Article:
J&J, Bayer ordered to pay $28 million in first Xarelto loss
WILMINGTON, Del. — Johnson & Johnson and Bayer AG are responsible for a woman’s injuries tied to the blood-thinning drug Xarelto and must pay almost $28 million in damages, jurors concluded in the companies’ first loss at a trial over the medicine.
Lynn Hartman said she took Xarelto, sold by J&J’s Janssen Pharmaceuticals unit, for more than a year before being hospitalized in 2014 with gastrointestinal bleeding she blamed on the drug. A Philadelphia jury on Tuesday ordered J&J and Bayer, which jointly developed the product, to pay $1.8 million in actual damages and $26 million in punitive damages, one of Hartman’s lawyers said after the verdict.
Johnson & Johnson and Bayer won the first three cases to come to trial in federal courts in Louisiana and Mississippi, after juries found the drug was safe and the companies properly warned about Xarelto’s bleeding risks. Plaintiffs had pinned their hopes on winning in state court in Philadelphia, which is known for having plaintiff-friendly juries. The companies still face more than 20,000 Xarelto suits.
“The plaintiffs needed to put a win on the board to keep these other cases alive,” said Carl Tobias, who teaches product-liability law at the University of Richmond in Virginia. “Otherwise, the rest of the cases may have been seen as having little value.”
J&J and Bayer officials said Tuesday they’d appeal the jury’s finding that Xarelto posed a health risk. Xarelto’s labeling “has always warned of bleeding events” and provided information doctors need to make proper “treatment decisions,” Sarah Freeman, a Janssen spokeswoman, said by e-mail.
“Bayer stands behind the safety and efficacy of Xarelto and believes there is no basis in fact or law for the verdict, including the punitive award,” Chris Loder, a Bayer spokesman, said in an e-mailed statement.
The companies still face more than 20,000 patient suits over Xarelto, which has been linked to at least 370 deaths, according to US Food and Drug Administration reports. The number of Xarelto suits has grown by 27 percent this year, J&J said in an SEC filing.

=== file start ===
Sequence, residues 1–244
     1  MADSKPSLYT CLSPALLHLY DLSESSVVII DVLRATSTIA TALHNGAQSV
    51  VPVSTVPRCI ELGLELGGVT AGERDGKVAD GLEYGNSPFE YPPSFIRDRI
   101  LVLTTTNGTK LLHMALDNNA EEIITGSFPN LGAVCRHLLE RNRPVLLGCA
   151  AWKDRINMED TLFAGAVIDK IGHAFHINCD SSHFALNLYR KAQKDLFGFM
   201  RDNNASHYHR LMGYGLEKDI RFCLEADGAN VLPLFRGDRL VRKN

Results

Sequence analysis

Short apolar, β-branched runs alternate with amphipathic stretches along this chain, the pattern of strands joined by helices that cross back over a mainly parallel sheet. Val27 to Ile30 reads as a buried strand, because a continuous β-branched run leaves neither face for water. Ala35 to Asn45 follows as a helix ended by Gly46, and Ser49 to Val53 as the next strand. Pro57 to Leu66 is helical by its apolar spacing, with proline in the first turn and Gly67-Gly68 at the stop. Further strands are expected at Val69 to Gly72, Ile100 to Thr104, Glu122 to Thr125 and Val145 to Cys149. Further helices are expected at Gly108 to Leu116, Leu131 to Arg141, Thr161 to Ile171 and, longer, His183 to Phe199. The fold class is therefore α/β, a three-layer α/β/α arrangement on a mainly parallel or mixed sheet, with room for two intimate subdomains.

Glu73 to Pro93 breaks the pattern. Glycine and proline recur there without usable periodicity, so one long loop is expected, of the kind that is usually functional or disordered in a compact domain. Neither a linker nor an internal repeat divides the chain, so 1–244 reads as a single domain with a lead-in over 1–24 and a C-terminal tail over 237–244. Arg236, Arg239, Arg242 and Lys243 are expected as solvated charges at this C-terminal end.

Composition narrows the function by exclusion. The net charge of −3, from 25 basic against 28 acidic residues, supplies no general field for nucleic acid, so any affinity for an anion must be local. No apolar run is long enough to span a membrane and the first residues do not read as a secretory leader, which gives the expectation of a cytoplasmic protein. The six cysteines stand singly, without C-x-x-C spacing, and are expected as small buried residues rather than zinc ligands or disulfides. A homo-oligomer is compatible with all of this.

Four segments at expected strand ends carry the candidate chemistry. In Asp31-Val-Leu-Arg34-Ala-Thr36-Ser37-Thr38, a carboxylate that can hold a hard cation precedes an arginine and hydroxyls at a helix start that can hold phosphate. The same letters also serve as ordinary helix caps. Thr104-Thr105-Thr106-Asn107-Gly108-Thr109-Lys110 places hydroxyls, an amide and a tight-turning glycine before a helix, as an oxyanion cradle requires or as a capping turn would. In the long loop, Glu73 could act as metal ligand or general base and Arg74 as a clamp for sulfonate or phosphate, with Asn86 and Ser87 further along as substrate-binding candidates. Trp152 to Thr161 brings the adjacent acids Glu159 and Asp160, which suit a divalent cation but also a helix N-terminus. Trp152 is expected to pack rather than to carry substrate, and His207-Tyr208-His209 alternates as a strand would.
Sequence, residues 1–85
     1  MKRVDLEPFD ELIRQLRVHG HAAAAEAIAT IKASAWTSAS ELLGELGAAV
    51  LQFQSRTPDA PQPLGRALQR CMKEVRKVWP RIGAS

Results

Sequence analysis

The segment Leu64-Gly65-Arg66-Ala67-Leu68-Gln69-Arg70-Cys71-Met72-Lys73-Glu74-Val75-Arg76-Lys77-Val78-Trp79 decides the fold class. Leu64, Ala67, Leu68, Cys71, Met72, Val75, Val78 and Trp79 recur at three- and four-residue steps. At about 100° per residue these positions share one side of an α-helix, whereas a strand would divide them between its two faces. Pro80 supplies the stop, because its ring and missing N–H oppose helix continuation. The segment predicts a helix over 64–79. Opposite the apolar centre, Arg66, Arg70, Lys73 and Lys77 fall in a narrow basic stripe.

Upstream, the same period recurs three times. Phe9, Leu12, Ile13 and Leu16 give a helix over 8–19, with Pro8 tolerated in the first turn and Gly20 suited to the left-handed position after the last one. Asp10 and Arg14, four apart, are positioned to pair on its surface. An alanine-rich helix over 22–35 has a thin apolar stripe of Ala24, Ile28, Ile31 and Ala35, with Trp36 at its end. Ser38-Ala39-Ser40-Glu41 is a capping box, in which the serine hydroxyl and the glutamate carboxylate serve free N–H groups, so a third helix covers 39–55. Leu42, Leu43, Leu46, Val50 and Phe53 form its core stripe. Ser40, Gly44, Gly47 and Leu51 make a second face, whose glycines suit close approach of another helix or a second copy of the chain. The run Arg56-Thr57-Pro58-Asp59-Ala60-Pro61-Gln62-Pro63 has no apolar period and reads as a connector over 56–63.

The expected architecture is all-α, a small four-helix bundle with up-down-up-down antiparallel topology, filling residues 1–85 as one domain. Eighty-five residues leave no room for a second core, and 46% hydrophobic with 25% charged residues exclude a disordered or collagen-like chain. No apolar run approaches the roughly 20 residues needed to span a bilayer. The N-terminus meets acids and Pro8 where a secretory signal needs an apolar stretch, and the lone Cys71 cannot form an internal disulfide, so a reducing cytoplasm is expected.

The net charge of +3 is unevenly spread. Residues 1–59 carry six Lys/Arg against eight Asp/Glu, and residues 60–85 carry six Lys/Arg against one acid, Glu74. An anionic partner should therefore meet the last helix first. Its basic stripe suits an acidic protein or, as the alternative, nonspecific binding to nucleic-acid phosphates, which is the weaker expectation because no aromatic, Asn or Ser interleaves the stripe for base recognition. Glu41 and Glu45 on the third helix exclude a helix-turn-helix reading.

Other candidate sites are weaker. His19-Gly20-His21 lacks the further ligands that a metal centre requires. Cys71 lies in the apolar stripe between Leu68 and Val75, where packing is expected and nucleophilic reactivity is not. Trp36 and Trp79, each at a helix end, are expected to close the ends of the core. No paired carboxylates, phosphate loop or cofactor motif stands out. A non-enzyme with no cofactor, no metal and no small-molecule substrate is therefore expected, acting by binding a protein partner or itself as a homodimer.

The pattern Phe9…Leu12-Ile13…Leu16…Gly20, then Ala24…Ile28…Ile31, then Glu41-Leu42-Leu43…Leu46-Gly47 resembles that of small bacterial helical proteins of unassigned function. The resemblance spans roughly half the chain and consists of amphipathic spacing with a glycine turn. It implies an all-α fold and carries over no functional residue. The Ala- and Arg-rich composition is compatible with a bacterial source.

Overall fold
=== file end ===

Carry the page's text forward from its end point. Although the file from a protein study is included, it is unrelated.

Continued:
The drug is Bayer’s top-selling product, generating $3.2 billion in sales last year and $2.5 billion in 2015 for the Leverkusen, Germany-based pharmaceutical company. Xarelto is J&J’s third-largest seller, bringing in $2.3 billion in 2016 as the New Brunswick, N.J., company seeks to replace revenue from its Remicade arthritis treatment, which lost patent protection a year ago.
Xarelto belongs to a class of drugs aimed at replacing Bristol-Myers Squibb Co.’s Coumadin, which has thinned patients’ blood since the 1960s. Other new thinners include Pradaxa made by Boehringer Ingelheim GmbH, a German company that paid $650 million in 2014 to settle thousands of suits claiming it hid the medicine’s bleeding risks.
“Xarelto is the worst in class of the new blood thinners,” Michael Weinkowitz, a Philadelphia attorney who represents Hartman, said Tuesday in an e-mailed statement. “The serious health complications suffered by thousands of patients could have been avoided if physicians were properly instructed about the risks.”
Hartman, 75, argued she had to have four blood transfusions to counteract Xarelto’s bleed-out effects, which caused her pain and worry. She switched to another blood thinner and hasn’t had similar problems, according to court filings.
During the trial, ex-FDA chief David Kessler told the Philadelphia Common Pleas Court jury the companies’ Xarelto warning labels understated the drug’s bleeding risks and didn’t warn doctors that some patients would be at higher risks for bleed outs.